Kemar Roach (left) and Jerome Taylor bowled well against New Zealand at Port of Spain, Trinidad © Getty Images
West Indies levelled the two-Test series against New Zealand, as they won the second match by 10 wickets. The hosts were always in control of the Test in Trinidad against the Kiwis. The same could not have been said, if it was against the weather Gods. Shrikant Shankar lists out the talking points from the second Test between West Indies and New Zealand.
Tom Latham’s consistency
Tom Latham has been in very good form in the Test series against West Indies. The left-handed opener has been amongst the runs in each of the four innings he has batted in. His scores read as 83, 73, 82 and 36. Obviously the 36 he made in the second innings of the second Test is not a significant contribution, but he played out 138 deliveries, as New Zealand had to try and save the match. But Latham has given the Kiwis good starts from at least one end and that will always come in handy in Test cricket. His main focus should be to finish the series with another set of good scores — preferably, three-digit figures.
Jerome Taylor & Kemar Roach combo
West Indies’ history showcases some of the finest and fastest bowlers in the game of cricket. But in recent years, they have lost that great quality. But not all hope is lost. With Jerome Taylor and Kemar Roach, the West Indies have two good fast bowlers, who can offer a lot going forward. Taylor is almost 30 years of age and Roach is 25. There is still a lot of years of cricket left in them. The duo are genuine fast bowlers and their breed is a rare thing in international cricket these days. Both Taylor and Roach helped West Indies in each innings of the Test separately to win it for the West Indies. Taylor took a four-wicket haul in the first innings, while Roach did the same in the second. Taylor is known to dismiss a lot of top-order batsmen and Roach is very good at cleaning up the tail. This was evident in the second Test. If they can stay away from injuries, then West Indies have a very good opening fast-bowling combination for the foreseeable future.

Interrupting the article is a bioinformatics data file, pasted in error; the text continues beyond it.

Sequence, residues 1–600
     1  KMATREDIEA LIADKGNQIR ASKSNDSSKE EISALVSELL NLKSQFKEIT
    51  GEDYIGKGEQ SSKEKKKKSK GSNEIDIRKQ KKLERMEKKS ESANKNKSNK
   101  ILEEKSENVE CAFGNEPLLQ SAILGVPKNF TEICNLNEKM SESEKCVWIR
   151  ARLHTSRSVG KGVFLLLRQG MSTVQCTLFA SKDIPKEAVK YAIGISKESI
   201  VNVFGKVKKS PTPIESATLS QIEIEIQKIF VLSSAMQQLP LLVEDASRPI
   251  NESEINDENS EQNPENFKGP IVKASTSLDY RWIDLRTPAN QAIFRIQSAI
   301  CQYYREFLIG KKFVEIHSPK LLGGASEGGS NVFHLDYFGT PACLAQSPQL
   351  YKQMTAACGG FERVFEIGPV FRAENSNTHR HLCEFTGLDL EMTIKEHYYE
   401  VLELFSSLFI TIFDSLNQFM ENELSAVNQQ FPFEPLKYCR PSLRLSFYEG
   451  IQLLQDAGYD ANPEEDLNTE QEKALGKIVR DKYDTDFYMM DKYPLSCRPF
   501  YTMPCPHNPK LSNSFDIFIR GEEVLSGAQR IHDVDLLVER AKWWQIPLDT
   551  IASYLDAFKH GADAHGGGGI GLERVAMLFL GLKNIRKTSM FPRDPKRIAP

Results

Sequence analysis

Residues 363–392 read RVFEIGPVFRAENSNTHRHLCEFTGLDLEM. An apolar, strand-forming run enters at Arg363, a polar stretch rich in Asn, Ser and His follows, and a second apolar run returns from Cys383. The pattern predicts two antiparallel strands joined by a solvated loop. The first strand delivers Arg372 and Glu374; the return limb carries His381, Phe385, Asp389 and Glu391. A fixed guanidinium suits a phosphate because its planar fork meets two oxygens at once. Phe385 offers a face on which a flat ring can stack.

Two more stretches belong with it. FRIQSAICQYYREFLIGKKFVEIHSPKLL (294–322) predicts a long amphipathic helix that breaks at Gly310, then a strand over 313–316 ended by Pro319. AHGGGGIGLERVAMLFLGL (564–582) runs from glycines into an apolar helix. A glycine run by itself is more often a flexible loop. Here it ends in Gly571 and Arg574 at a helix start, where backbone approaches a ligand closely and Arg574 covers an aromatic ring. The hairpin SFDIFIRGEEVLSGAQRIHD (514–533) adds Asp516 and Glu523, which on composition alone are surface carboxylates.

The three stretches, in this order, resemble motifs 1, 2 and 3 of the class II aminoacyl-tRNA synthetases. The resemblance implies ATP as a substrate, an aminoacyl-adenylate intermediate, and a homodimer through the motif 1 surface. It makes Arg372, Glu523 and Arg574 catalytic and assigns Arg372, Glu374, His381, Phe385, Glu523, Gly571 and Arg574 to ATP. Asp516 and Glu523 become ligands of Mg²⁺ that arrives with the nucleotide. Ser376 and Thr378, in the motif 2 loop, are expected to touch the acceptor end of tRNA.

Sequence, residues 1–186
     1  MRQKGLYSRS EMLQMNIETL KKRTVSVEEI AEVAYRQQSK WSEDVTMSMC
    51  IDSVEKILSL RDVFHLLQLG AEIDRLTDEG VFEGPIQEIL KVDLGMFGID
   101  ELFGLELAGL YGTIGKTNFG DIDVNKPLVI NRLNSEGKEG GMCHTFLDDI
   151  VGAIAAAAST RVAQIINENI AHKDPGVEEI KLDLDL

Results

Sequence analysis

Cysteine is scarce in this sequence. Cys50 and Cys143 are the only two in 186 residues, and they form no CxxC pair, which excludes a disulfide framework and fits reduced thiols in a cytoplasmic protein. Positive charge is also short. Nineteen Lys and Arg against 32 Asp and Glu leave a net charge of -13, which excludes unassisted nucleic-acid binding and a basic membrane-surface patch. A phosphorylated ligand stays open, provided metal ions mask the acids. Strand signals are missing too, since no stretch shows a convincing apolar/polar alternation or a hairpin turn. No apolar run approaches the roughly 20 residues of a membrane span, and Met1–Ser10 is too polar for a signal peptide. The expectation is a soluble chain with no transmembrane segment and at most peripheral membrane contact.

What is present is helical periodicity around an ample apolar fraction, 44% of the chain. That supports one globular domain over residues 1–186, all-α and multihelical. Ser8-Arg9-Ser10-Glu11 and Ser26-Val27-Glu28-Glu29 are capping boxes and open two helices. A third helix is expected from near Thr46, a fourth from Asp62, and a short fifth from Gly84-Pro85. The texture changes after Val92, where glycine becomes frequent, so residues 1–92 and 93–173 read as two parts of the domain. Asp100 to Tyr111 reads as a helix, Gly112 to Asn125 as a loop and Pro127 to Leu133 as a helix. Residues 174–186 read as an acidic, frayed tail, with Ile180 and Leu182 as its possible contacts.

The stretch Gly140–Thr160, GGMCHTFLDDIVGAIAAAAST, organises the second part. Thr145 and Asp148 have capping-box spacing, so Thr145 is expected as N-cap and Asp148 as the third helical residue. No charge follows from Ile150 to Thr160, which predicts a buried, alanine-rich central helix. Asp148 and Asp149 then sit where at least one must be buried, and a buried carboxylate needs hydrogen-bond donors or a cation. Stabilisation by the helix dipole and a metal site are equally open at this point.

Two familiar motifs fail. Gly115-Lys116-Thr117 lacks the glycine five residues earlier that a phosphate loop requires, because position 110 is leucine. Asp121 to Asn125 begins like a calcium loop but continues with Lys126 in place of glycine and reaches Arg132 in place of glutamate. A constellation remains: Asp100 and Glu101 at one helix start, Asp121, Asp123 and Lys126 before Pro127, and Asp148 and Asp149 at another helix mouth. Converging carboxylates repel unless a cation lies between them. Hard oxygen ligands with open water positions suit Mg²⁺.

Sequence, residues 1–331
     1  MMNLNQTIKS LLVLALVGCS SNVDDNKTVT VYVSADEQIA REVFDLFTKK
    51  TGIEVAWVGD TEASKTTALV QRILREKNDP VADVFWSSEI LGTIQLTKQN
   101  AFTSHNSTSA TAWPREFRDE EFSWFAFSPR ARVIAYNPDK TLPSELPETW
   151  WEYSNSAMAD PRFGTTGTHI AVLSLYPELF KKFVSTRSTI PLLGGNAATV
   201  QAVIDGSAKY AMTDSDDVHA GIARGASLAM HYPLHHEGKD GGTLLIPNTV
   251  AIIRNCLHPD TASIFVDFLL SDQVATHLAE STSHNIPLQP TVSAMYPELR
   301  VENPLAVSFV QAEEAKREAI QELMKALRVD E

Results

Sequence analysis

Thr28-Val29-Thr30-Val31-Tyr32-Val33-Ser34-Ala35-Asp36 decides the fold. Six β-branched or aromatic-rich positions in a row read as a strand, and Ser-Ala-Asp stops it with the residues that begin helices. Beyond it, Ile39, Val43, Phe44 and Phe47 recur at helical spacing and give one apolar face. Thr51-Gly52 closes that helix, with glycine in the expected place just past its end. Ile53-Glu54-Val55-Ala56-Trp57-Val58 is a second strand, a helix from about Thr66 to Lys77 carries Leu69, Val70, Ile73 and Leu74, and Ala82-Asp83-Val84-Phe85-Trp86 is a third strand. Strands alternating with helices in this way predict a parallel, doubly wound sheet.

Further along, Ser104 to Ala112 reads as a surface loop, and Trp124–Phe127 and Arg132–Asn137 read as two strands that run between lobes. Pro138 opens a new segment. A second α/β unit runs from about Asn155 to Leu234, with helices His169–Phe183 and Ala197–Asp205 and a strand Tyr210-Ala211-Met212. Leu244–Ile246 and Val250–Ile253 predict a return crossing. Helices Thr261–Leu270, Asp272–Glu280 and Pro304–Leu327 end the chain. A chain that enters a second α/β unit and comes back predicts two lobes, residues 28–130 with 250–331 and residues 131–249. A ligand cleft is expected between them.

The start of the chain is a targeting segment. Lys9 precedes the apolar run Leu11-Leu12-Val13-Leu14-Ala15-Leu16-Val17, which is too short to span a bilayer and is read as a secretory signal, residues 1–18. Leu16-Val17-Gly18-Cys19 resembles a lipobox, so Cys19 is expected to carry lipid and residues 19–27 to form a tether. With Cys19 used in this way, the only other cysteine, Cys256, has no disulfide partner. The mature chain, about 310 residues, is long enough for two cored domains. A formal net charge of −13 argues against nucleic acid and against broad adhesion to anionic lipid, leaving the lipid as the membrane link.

If there is a batsman in world cricket who can take the life out of a bowling attack [and spectators alike], then it is Kraigg Brathwaite. The right-handed opening batsman takes us back to the days of yore, when many were only interested in consuming deliveries. His Test strike-rate is 35.93 and that tells one what to expect from Brathwaite every time he steps out to bat. But in Test cricket, at times, such a batsman is needed. He scored his maiden Test century in the first innings against New Zealand at the Queen’s Park Oval in Port of Spain, Trinidad. His innings of 129 came off 258 deliveries. He did score 13 fours and his strike-rate was 50. This shows that he can raise his batting speed a little. But more importantly, Brathwaite showed he has the stomach for a hard day of Test cricket.
BJ Watling & Mark Craig resistance
Brathwaite bats very slowly, irrespective of the situation. But BJ Watling and Mark Craig had to bat slowly as the situation demanded the same for New Zealand. With the threat of rain looming continuously, there was a good chance for New Zealand to draw the match if their batsmen hung around enough. Watling scored 216-ball 66 not out. Craig scored 67 off 167 deliveries. One should also remember Watling’s battling 124 off 367 deliveries against India at Wellington to save the Test. New Zealand have a lot of good elements in their team to build for the future. Lower-order batsmen willing to spend hours at the crease is a great quality to have.
Chris’s ‘Gayle Storm’
When New Zealand were bowled out for 331 in their second innings, West Indies were set a target of 93 runs. But more than one and a half hours were lost after the New Zealand innings due to the weather God’s intervention. When play resumed during the post-lunch session, there was still the threat of rain and the match ending in a draw. So, Chris Gayle decided to finish off the run-chase in 13.2 overs. The left-handed opener bludgeoned the cricket ball to all corners of the stadium right from the word go. He struck seven fours and six sixes in his unbeaten innings of 80 off only 46 deliveries. He reached his half-century off only 28 deliveries. This was the joint-sixth fastest in Test history. This was also the joint-second fastest by a West Indies batsman. After a long time, fans could finally see a ‘Gayle Storm’ in Test cricket.
(Shrikant Shankar is a writer/reporter at CricketCountry.com. Previously he has done audio commentary for various matches involving India, Indian Premier League and Champions League Twenty20 for ESPNSTAR.com. You can follow him on Twitter @Shrikant_23)